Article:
It’s no secret that kids love sweets! Beyond the innate desire for sugar as an energy source, kids are bombarded with commercials that feature their favorite characters advertising sugary foods made with refined flour. Have you glanced at the nutrition label on breakfast cereals lately? They’re packed with the sweet stuff. Better to stick to whole grain cereals without additives, like steel-cut oats or quinoa porridge.

These foods don’t just impact their physical health, but their mental health too. Studies link sugary drinks to mental distress, hyperactivity, and conduct problems in children and adolescents. Sugary beverages and refined carbohydrates also increase the risk of weight gain and obesity, which can lead to future health problems. With an epidemic of childhood obesity, watching a child’s sugar intake is a smart move that can ward off future health issues.

Avoid Forbidding Foods Entirely

Helpe kids cut back on sugar and refined carbohydrates, but don’t make them total off limits. It can backfire by making them want more. So let them enjoy an occasional treat but only in moderation. Focus on creating healthy meals and snacks packed with nutrients, so they learn to appreciate the taste of natural foods that aren’t enhanced by sugar.  It’s all about balance.


Teaching your kids to eat healthy and enjoy the benefits of nutrient dense foods is a challenge but not impossible.  Give them nutritious meals and let them help choose and prepare what goes on their plate. Educate them early about what constitutes a healthy diet and expose them to healthy foods as early as possible. With the right habits and attitudes, children can learn to make healthy choices that will last them a lifetime.


  • Medical News Today, “For Kids, Eating Starts at Home”
  • How to Talk to Your Kids About Healthy Nutrition (And Why It’s Important) with Dr. Christina Fink. (2021). Cleveland Clinic. my.clevelandclinic.org/podcasts/health-essentials/how-to-talk-to-your-kids-about-healthy-nutrition-with-dr-christina-fink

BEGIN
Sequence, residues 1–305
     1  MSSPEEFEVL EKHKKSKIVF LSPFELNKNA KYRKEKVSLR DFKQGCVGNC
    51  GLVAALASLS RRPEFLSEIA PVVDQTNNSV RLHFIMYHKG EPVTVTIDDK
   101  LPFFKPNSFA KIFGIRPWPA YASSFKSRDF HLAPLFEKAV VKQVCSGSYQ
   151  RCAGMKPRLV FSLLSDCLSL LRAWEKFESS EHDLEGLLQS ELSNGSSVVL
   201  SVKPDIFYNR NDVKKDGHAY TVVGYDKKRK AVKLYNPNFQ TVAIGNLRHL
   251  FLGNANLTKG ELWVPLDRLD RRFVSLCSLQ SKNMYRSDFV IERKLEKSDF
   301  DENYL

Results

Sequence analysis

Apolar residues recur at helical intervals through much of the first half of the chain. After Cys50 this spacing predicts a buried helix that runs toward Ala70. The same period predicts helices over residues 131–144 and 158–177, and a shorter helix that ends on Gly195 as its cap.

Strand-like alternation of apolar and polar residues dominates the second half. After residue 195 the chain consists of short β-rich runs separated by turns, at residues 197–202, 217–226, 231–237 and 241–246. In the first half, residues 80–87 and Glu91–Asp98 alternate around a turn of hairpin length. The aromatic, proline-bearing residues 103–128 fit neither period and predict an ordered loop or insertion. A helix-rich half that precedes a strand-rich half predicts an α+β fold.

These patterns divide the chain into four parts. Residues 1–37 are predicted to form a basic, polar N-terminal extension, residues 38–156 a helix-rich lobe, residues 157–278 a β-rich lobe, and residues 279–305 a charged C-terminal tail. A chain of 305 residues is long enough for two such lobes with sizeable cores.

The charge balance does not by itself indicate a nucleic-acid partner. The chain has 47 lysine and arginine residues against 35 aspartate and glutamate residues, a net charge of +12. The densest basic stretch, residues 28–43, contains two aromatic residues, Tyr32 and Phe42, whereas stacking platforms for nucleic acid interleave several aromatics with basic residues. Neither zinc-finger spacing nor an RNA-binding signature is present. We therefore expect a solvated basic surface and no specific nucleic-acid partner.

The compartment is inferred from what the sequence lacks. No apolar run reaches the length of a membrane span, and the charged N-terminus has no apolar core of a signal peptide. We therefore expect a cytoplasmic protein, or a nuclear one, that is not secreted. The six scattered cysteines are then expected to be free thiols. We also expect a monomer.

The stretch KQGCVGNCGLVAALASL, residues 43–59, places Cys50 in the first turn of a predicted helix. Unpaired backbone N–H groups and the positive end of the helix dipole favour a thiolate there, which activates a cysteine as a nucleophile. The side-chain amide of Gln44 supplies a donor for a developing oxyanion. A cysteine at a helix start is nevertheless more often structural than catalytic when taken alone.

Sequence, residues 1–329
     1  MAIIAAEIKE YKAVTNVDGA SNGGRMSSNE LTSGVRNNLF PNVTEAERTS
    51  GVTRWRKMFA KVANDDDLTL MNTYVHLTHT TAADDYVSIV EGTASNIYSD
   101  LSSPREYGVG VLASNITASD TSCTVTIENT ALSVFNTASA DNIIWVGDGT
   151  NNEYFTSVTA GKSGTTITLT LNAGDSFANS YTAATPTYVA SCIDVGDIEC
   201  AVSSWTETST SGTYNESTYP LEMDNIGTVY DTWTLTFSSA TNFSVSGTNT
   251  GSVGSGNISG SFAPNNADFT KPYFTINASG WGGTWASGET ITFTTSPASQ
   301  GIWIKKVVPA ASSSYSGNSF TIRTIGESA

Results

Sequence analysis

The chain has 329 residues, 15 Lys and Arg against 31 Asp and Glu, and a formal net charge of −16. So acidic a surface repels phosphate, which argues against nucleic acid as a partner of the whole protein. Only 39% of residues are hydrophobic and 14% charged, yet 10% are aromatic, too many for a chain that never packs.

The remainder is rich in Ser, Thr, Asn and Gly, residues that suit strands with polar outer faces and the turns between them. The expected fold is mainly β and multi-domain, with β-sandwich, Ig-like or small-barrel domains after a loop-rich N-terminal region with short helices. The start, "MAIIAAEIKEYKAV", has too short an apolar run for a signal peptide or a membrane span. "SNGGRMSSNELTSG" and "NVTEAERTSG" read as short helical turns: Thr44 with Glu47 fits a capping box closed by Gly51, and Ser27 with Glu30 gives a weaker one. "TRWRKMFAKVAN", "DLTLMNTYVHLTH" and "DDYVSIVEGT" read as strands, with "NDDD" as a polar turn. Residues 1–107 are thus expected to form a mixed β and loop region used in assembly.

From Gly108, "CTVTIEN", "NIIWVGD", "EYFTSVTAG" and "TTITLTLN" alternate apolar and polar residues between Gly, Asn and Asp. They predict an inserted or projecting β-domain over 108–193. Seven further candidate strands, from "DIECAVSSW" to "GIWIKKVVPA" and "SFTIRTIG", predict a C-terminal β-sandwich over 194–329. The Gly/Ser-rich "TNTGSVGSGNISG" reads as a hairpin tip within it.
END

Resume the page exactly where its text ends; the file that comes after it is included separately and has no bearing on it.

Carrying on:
• Hyperactive Kids: What’s Sugar’s Role? (2015, February 17). SugarScience.UCSF.edu. sugarscience.ucsf.edu/hyperactive-kids-whats-sugars-role.html#. Y952THbMKrA.
  • Magriplis E, Michas G, Petridi E, Chrousos GP, Roma E, Benetou V, Cholopoulos N, Micha R, Panagiotakos D, Zampelas A. Dietary Sugar Intake and Its Association with Obesity in Children and Adolescents. Children (Basel). 2021 Aug 3;8(8):676. doi: 10.3390/children8080676. PMID: 34438567; PMCID: PMC8391470.
  • “Nutrition for kids: Guidelines for a healthy diet – Mayo Clinic.” https://www.mayoclinic.org/healthy-lifestyle/childrens-health/in-depth/nutrition-for-kids/art-20049335.
  • “USDA MyPlate Nutrition Information for Kids.” https://www.myplate.gov/life-stages/kids.
  • “Benefits of Healthy Eating for Children | Nutrition | CDC.” 15 Feb. 2024, https://www.cdc.gov/nutrition/php/resources/healthy-eating-benefits-for-children.html.

Related Articles By Cathe:

The Diet You Ate as a Child May Have Long-Lasting Effects on Your Gut Microbiome

6 Ways to Improve Your Gut Microbiome

How Sugar and Processed Food Cause Weight Gain

Why Sugar Cravings Are More Common at Night and How to Stop Them

Sugar Cravings: 5 Ways to Stop a Sweet Tooth – or Not?

5 Things That Happen When You Stop Sugar Cravings

Understanding and Overcoming Sugar Cravings

Why Women Crave Sugary Foods More Than Men

Get Fuller & Curb Those Cravings with Plant-Based Protein

How to Use Visual Imagery to Stop Food Cravings

Is Leptin Resistance Fueling Your Food Cravings?

This Powerful Dietary Combo Stops Food Cravings

Sugar and Nutrition Labels: How They May Change

6 Surprising Foods That Curb Cravings

Hi, I'm Cathe

I want to help you get in the best shape of your life and stay healthy with my workout videos, DVDs and Free Weekly Newsletter. Here are several ways you can watch and work out to my exercise videos and purchase my fitness products:

Get Your Free Weekly Cathe Friedrich Newsletter

Get free weekly tips on Fitness, Health, Weight Loss and Nutrition delivered directly to your email inbox. Plus get Special Cathe Product Offers and learn about What’s New at Cathe Dot Com.

Enter your email address below to start receiving my free weekly updates. Don’t worry…I guarantee 100% privacy. Your information will not be shared and you can easily unsubscribe whenever you like. Our Privacy Policy